ASAKO TABATA: CUTTING A LOQUAT TREE
JANUARY 6 - FEBRUARY 26, 2022
SEIZAN Gallery is pleased to present Cutting a Loquat Tree, the solo exhibition of Tokyo-based artist, Asako Tabata. Open from January 6 through February 26, 2022, the show presents oil paintings and papier-mâché sculptures the artist has made since 2013.
With intensely determined brushwork and a moody palette, Tabata depicts enigmatic human figures in a dreamy, Edvard Munch-like haunted atmosphere. The subjects are often children, women or genderless characters. They wear minimal facial expressions yet appear to be on the edge of being emotionally out of control. The works’ animistic quality as well as the mixture of whimsicality and maliciousness, channel artists such as Izumi Kato and Yoshitomo Nara.
Despite the otherworldly imagery, Tabata states that her subjects are based on everyday, mundane experiences. One example is a painting titled Preparing for a Cherry Blossom Picnic. The bizarre, harrowing image of a figure holding a large blue cloth under an orange tree is based on the artist's experience of joining other parents at her son’s school for a picnic despite an approaching storm.
Tabata’s creative style is intuitive and spontaneous. She does not plan or outline her images beforehand but paints directly on white canvas with colors and decides what to paint as her hand moves. She often ends up painting a completely different image than she originally had in mind. She begins with a simple question or a feeling that has caught her attention. The works reveal delightful surprises about the imagination of a contemporary woman, mother and wife, living day to day in Japan. Tabata explores dense images on canvas, creating strong narratives of emotional power that draw viewers in.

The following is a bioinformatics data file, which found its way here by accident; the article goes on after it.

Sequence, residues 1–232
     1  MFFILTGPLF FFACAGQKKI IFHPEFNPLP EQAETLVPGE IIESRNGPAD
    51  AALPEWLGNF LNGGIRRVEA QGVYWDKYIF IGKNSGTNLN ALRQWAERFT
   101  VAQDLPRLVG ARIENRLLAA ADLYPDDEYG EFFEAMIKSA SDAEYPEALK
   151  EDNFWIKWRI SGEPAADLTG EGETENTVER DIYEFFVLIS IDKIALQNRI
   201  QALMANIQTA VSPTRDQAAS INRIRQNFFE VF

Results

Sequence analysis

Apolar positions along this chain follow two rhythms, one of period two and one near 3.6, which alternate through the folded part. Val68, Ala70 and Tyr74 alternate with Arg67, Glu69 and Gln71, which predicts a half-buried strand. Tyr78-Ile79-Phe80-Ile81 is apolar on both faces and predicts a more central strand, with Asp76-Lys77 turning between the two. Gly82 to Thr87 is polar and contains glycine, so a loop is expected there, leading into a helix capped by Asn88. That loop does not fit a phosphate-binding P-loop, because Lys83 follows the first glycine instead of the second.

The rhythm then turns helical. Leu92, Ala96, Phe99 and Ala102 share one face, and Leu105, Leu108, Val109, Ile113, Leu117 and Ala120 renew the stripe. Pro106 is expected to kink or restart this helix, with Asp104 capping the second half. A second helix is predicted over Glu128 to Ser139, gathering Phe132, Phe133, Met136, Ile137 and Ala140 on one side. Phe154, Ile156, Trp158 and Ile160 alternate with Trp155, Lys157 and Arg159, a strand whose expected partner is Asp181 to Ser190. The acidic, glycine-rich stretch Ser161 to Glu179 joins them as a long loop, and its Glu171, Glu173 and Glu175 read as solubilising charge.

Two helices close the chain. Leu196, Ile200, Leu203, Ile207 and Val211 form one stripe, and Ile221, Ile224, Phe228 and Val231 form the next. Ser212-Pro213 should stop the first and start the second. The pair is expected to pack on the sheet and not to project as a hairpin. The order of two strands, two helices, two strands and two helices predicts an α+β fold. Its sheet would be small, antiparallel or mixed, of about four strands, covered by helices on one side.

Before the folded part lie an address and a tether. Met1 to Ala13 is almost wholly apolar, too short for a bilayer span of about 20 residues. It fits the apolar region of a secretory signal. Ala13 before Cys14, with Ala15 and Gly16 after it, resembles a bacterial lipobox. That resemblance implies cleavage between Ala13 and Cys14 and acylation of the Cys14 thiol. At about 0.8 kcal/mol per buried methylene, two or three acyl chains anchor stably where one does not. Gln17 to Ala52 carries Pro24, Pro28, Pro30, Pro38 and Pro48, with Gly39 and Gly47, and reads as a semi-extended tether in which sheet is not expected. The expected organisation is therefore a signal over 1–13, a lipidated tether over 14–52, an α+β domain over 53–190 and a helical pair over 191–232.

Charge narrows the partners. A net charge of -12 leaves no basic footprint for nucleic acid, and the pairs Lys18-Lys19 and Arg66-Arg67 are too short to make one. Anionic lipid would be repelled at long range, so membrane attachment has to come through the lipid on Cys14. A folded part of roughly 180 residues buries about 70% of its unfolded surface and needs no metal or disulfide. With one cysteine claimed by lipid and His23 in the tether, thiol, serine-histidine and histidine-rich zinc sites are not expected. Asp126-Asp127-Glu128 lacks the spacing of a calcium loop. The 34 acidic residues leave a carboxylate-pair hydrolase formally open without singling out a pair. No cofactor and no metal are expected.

The exhibition includes a number of works completed during the outbreak of COVID-19. Such works show the direct impact of the pandemic. Tabata repeatedly paints a woman or child isolated in a room in dark red and outlined in bold brush strokes. One such painting is titled The Night Goes On, an ironic response to a politician she saw on TV: she quotes directly from his comment “The night will end eventually.”
Tabata was born in 1972 in Kanagawa, Japan. After graduating Tama Art University and soon after becoming a mother and a homemaker, she continued to make art. Not active on social media, Tabata has kept her works private besides occasionally showing in limited galleries in Tokyo. This is her first solo exhibition in the United States.
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